Abstract

This essay explores the vernacular genealogies behind the rhetorical interlacement of disease, desire, and poverty in the sonnets of Robert Sidney, with references to Shakespeare’s sonnets; and it considers the implications of bringing the medieval languages of poetic selfhood to bear on our interpretation of Renaissance texts. I argue that Sidney’s figural alignment of bodily sickness, pecuniary lack, and unrequited desire contains traces of medieval English begging poetry—namely the works of Geoffrey Chaucer, John Lydgate, and Thomas Hoccleve. Consequently, the essay raises questions about the relationship between early modern Petrarchan poetry—a Renaissance discourse par excellence—and the discursive structures and forms of subjectivity found in English medieval poetry, problematizing traditional accounts of English literary history.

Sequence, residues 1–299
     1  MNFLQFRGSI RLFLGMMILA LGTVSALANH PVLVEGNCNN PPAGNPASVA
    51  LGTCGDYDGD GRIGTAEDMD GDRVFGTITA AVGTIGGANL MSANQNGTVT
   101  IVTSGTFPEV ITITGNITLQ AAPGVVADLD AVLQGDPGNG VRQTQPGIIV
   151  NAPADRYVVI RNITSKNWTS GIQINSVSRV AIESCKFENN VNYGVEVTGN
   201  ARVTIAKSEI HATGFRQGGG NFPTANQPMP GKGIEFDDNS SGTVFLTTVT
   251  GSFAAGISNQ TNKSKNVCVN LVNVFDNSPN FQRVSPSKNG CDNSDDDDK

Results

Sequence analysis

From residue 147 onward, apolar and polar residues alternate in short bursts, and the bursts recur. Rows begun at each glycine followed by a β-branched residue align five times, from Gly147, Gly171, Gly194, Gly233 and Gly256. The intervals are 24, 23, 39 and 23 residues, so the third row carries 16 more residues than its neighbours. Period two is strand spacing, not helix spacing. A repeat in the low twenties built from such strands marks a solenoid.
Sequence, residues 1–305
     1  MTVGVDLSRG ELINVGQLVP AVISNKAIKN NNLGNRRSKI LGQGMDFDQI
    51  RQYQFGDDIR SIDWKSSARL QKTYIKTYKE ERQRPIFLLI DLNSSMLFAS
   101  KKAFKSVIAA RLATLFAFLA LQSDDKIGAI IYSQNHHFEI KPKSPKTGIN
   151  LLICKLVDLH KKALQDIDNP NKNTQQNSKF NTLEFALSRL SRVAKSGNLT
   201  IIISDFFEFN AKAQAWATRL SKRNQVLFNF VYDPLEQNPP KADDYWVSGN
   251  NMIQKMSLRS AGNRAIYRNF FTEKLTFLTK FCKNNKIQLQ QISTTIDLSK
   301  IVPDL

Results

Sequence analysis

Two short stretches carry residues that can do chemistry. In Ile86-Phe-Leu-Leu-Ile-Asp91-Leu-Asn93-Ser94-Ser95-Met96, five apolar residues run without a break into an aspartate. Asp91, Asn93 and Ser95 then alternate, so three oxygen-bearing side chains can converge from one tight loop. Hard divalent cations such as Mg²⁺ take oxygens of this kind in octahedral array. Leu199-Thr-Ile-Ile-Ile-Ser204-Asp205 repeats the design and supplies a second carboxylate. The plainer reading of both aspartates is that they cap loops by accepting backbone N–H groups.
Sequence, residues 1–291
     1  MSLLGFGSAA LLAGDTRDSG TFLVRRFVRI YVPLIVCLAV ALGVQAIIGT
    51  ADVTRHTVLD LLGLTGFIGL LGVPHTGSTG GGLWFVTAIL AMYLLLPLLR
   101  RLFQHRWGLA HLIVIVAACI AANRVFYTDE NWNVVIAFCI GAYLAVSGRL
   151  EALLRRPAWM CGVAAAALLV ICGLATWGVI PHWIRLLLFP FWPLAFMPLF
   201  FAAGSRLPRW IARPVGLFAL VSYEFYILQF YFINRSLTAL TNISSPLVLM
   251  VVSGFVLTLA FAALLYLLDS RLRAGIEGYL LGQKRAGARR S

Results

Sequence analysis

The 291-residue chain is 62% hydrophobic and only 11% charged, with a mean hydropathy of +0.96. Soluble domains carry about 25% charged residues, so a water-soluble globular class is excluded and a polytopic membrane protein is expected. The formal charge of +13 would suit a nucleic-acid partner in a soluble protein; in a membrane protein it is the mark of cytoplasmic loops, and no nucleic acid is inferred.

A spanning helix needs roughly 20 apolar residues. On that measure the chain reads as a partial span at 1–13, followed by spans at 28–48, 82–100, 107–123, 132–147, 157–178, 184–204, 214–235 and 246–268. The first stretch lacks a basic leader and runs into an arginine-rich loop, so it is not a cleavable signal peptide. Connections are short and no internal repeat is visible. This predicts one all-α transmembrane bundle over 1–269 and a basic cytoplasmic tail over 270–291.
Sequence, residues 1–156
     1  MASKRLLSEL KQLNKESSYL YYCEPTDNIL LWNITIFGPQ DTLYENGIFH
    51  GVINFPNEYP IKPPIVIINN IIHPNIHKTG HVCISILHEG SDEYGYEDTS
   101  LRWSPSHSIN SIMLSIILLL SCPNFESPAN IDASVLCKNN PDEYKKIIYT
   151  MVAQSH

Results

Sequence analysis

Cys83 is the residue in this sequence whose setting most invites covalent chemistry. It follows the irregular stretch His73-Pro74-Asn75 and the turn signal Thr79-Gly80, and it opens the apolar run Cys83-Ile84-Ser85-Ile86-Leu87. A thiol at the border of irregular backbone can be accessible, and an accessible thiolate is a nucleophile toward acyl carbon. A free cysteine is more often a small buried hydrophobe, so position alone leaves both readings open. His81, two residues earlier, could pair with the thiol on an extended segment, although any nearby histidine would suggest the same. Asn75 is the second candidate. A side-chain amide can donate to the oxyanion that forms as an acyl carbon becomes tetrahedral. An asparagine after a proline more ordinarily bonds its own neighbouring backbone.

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Additional Information

ISSN
1522-9270
Print ISSN
0039-3657
Pages
pp. 21-43
Launched on MUSE
2015-03-04
Open Access
No
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